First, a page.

WASHINGTON — The FCC took the first step toward easing rules on the amount and type of children programming that broadcasters must provide to maintain their licenses, a move that has drawn criticism from Democrats on Capitol Hill and from some parents groups.
The proposal — which will now be put up for a period of public comment — will eliminate rules that require that informational and educational programs be 30 minutes or more in length, and that they be regularly scheduled. But critics say that the proposals risk watering down the mandate that stations devote a set number of hours to quality children’s programming.
FCC Chairman Ajit Pai said that it was “beyond time” to take a look at the rules, noting the huge changes in the media landscape since the Children’s Television Act was passed in 1990. That mandated restrictions on the amount of time that broadcasters could devote to advertising during children’s programming, and that stations serve the educational and informational needs of kids.
Commissioner Michael O’Rielly, who has been spearheading the revision of the rules, said that the current requirements do not make sense in a landscape where so many children use DVRs and watch on demand. He also has noted that there has been a proliferation of programming via cable and satellite platforms and internet streaming.
He wrote earlier this year that “it is hard to conclude anything other than the market for children’s programming is booming.”
“With today’s dynamic media marketplace there are very little, if any, additional benefits provided by the Kid Vid rules,” he wrote.
At the Thursday meeting, he said that the requirements have been so onerous on broadcasters that some have “foregone local newscasts and public affairs programming and live events on Saturday morning.”
The FCC in 1996 adopted a specific requirement that stations air at least three hours a week of educational or informational children’s programming or face challenges to their license renewals. The proposal will take comment on whether that requirement should be updated in determining compliance.
Another proposal would allow broadcasters to choose which of their multicasting stations to air the programming — on their main broadcast channel or one of their over-the-air digital multicast channels.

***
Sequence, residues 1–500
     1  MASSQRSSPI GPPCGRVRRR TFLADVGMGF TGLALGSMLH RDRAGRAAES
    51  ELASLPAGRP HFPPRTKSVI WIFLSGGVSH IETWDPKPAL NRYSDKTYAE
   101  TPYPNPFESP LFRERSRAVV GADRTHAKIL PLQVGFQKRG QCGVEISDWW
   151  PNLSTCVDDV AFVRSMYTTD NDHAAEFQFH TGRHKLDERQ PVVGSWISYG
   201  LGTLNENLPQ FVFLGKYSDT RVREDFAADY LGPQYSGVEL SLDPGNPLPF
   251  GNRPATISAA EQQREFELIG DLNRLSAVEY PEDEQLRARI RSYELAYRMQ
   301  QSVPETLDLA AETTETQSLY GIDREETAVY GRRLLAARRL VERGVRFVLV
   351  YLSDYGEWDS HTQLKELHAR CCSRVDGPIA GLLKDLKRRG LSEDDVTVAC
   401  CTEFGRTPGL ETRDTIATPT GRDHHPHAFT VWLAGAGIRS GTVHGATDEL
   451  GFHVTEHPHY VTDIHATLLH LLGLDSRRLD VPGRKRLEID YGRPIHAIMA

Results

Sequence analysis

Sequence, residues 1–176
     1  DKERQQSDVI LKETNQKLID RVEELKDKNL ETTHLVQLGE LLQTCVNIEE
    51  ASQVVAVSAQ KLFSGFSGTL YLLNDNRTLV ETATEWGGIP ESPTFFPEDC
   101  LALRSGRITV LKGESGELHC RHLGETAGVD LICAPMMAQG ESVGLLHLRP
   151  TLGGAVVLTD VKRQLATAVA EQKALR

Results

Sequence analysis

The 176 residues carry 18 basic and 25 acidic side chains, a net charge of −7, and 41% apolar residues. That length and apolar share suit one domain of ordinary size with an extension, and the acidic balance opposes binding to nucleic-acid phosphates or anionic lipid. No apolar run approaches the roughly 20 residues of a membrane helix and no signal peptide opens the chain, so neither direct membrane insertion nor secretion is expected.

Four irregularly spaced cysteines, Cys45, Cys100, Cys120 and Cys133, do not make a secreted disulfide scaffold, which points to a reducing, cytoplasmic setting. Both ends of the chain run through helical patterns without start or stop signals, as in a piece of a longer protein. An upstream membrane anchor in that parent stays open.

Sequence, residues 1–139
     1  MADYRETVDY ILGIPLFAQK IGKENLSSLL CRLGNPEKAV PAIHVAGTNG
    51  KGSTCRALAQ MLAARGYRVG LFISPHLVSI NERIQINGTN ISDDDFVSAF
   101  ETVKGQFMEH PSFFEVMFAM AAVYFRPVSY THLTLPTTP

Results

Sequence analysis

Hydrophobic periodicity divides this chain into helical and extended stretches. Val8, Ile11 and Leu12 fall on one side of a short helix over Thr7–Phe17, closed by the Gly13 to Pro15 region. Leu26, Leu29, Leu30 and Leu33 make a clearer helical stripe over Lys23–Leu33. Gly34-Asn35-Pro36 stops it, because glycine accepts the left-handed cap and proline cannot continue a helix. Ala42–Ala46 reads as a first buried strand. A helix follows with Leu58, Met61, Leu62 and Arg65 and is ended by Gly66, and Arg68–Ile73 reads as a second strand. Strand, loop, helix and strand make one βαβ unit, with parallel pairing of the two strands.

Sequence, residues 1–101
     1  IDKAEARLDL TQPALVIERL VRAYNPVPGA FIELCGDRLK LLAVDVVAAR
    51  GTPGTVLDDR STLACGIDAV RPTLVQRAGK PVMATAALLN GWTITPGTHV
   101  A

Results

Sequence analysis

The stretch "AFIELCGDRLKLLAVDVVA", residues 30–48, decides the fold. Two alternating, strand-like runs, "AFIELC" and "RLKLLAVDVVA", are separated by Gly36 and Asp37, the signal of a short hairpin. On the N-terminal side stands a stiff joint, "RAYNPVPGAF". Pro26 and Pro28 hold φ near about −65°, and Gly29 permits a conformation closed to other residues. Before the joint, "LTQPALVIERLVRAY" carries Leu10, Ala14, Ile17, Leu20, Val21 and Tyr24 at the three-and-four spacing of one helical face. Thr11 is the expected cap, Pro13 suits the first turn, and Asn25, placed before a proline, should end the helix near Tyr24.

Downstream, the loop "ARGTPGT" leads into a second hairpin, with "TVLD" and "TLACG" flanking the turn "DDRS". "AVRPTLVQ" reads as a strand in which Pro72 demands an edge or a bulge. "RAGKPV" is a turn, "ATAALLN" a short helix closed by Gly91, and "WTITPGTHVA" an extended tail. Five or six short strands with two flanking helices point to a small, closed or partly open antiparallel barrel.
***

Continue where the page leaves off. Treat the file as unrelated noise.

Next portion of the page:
“The launch of this rule making is the beginning of the process, not the end,” he said.
Pai and O’Rielly were joined by Brendan Carr in voting to advance the proposal.
Commissioner Jessica Rosenworcel voted against it.
“This is not the effort our children deserve,” she said. “It takes the values in the Children’s Television Act and instead of modernizing them for the digital age, seeks to discard them with a cruel disregard for the children left behind.” She said that the proposals have to take into account that while viewing habits have changed to new platforms, some 24 million Americans do not have broadband access at home.
On Wednesday, Sen. Ed Markey (D-Mass.) and Sen. Richard Blumenthal (D-Conn.) held a press conference to warn against the proposed changes. Markey said that he was not opposed to the idea of modernizing the rules, but that the FCC needed to first conduct a more substantial inquiry into the potential impact of changes in the rules. Groups like the Parents Television Council and Common Sense Media also would like more study.
“We shouldn’t deregulate simply for deregulation’s sake and especially not for rules that impact our nation’s most vulnerable residents, our children,” Markey said in a statement on Thursday.
“I am deeply disappointed that the FCC has moved forward to change these rules without undergoing a thorough fact-gathering process to develop a complete understanding of how these changes will affect children, particularly millions of children from low-income and rural communities.”